Reporting Ian Schwartz
NEVADA CITY (CBS13) — Monday’s storms gave a Nevada City man quite the jolt when lightning struck his car.
People in Grass Valley are used to thunderstorms, but this one got a little too close to comfort for Steven Conrad.
When driving in our cars, we feel fairly safe from the elements, but sometimes a storm just wants to reach out and touch someone.
“Rain was pouring down and lightning had been going on and off, and I just heard that buzzing noise around my car.”
Steven was driving home for lunch on Monday in Nevada City when he heard a buzzing noise—that buzz, oftentimes near a car antenna, means a lightning strike is about to happen.
“I heard the buzzing, and I saw the flash, and my first thought was a transformer just exploded.”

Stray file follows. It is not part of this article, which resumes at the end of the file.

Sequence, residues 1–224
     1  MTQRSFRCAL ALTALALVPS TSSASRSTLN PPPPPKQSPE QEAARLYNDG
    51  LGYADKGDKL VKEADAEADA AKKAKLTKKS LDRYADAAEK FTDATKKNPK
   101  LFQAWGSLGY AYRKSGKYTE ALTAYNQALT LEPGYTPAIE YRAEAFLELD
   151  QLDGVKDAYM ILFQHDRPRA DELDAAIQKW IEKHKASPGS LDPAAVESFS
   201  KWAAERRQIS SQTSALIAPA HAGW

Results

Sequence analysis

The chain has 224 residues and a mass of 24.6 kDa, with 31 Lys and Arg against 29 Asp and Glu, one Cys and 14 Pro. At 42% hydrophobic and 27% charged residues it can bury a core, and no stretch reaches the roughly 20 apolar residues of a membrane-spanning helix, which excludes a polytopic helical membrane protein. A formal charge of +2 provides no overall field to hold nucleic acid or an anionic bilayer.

That was no transformer, it was a lightning bolt that hit Steven’s car.
“The flash kinda blinded everything out, so everything went white. Then I saw those balls of electricity that kinda dissipated.”
He says he saw what looked like sparks coming off his windshield, similar to other cars hit by lightning.
After the bolt blast, Steven was fine. But he wasn’t sure about any damage.
“First thing I grabbed my cellphone to check that, because those things are expensive, and I didn’t want it to get shocked.”
Steven says he’s glad the startling strike didn’t send him off the road, and the only thing he’s left with is something to share with his friends.
“I’m OK. it’s nice to have a story like that to tell—especially when you walk away from it safely, without anything happening.”
According to the national Lightning Safety Institute, you should pull over and turn off your car and put your hands on your lap until the storm passes if your car has been struck.
Once it passes, you’re safe to touch things in the car and drive again.